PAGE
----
In December 2009 I attended a course on landscape photography, organised by Bas Meelker. Besides a series of theoretical sessions, we also had two practical sessions. One during sunrise and one during sunset. Although it took place already over a year ago, I still liked to create a blog post about the sunset session. All photos are clickable for a larger version.

The five photographs all show the same location, the Helper mill near Groningen, with similar compositions. But, they were all taken at different times with different camera settings, especially different shutter speeds. Have a good look on the meta data shown and find the differences.

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Taken around a quarter of an hour later, the second image already has a nice smooth water surface due to a 5 seconds increase in the shutter time. The sky and its reflection in the water, however, don’t show much colour. There is plenty of colour available though, but we need much slower shutter speeds.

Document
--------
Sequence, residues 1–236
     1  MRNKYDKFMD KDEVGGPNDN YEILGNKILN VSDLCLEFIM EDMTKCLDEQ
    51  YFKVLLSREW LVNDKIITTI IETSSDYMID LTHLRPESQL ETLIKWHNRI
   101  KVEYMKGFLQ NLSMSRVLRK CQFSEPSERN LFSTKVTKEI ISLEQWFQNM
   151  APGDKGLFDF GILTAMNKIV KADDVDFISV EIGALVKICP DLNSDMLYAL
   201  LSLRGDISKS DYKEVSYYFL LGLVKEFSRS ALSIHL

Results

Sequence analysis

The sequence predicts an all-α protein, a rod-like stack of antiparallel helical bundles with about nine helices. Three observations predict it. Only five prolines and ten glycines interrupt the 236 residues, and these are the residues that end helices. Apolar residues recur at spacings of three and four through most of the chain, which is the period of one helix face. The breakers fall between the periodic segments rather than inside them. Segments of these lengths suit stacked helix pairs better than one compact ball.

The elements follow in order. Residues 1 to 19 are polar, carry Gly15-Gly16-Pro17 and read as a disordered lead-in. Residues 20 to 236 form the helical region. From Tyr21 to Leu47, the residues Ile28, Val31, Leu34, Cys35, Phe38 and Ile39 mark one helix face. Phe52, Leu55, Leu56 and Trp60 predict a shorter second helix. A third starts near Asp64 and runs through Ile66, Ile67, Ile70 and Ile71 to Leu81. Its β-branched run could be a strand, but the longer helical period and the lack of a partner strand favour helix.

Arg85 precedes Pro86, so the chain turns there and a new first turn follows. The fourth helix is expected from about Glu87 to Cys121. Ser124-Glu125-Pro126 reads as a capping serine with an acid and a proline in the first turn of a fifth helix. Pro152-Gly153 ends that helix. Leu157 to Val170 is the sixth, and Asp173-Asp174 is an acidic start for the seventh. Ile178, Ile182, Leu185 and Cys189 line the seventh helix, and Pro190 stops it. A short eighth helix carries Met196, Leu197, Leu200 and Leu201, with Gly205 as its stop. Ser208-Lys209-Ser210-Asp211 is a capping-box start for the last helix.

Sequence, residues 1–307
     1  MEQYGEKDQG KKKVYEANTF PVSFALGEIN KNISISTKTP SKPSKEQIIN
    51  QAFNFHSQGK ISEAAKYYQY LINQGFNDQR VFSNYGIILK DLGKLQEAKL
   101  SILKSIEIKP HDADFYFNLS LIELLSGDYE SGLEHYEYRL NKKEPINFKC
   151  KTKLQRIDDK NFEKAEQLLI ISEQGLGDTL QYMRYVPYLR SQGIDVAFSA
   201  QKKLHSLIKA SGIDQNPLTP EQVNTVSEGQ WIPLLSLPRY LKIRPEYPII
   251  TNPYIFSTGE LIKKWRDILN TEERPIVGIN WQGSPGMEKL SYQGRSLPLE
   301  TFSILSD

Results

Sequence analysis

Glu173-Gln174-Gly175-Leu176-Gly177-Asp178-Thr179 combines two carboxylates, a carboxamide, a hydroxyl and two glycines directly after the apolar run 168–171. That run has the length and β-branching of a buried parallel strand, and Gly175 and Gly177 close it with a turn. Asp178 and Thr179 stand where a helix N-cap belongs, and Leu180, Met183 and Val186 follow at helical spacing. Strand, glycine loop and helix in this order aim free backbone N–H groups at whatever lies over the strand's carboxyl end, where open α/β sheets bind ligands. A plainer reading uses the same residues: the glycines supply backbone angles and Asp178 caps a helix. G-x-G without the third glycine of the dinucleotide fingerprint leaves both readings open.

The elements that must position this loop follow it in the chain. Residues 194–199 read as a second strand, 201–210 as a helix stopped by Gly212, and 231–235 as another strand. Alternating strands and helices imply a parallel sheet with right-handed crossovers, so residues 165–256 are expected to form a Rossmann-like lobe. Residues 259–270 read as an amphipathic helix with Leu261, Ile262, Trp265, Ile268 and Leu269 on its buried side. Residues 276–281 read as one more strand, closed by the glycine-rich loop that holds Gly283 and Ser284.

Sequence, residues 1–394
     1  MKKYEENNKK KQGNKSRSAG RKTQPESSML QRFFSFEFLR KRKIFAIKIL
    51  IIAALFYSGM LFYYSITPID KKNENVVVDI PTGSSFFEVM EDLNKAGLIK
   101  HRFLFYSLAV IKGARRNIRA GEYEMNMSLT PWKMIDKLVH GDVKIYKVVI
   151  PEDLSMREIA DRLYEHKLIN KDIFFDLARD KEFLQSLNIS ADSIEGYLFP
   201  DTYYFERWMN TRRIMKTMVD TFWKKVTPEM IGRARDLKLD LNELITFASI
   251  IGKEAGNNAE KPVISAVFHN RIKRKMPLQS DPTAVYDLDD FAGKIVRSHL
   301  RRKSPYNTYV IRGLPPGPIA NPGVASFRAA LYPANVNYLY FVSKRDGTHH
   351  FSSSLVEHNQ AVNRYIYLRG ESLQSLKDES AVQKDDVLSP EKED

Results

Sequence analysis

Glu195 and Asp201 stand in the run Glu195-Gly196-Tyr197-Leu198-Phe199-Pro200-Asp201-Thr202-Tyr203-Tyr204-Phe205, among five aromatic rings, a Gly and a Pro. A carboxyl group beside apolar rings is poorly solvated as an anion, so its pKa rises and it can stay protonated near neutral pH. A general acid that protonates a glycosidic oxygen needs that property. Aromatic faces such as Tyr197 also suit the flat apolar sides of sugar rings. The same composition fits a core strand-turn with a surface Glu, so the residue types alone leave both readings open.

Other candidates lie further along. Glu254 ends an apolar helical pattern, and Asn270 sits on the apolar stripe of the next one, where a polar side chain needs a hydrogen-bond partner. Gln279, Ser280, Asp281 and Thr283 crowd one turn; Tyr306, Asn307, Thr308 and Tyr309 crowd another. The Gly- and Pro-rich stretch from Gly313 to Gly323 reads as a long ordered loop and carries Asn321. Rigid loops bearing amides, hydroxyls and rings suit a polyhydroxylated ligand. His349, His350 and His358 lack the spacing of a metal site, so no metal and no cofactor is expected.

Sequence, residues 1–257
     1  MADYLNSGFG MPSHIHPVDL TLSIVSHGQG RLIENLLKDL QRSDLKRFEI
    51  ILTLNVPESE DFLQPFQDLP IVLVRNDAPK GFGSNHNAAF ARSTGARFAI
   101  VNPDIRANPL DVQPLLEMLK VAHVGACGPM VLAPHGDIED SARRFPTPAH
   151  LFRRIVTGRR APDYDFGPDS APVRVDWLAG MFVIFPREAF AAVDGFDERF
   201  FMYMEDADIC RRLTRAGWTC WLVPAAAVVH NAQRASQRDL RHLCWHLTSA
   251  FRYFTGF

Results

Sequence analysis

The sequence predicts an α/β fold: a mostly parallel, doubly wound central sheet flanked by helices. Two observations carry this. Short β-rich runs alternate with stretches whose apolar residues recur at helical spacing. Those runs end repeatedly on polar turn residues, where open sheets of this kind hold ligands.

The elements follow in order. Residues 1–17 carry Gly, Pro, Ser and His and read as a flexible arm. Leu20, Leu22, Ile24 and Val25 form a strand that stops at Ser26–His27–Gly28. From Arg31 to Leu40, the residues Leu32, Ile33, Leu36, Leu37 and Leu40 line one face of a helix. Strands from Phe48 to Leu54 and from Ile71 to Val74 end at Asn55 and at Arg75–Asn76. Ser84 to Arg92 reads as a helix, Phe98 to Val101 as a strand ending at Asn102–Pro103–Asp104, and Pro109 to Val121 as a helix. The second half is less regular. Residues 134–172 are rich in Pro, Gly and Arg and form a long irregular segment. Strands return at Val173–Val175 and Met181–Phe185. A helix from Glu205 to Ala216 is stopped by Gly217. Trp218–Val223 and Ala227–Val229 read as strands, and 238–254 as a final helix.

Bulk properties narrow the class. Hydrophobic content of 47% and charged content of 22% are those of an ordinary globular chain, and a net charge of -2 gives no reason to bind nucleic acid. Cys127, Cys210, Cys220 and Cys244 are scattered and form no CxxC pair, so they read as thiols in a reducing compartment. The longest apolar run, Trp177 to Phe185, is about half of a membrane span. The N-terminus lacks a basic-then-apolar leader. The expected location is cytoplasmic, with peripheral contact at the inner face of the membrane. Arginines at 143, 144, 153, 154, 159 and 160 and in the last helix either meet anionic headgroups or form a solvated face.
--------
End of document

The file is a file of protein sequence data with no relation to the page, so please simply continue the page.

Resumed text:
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To achieve that slow shutter speed we need some additional tools: filters. In this case Graduated Neutral Density (ND) filters. I borrowed a set here from Bas. I think I used an ND8 soft. The result is in the third image, which is my favourite from this series. Shutter speed slowed down to well over a minute now!

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The last two photographs show that the period of time after sunset where a landscape photographer can benefit from the great colours in the sky is actually very short. The nice feature with the mill is that it is lit from around 6 PM.

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On the last photo we already lost quite some of the colours and intensity. Nevertheless, I personally like this atmosphere. The dark, moving clouds actually do bring that extra touch.

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Recently, I ordered my own set of Lee ND Graduated filters. Since Lee is a very small company, they have a hard time delivering all orders. Still, the quality of their products is very high. Result: I will have to wait until around March before my order will be delivered. After I have them, I will return to this location and post some more results.

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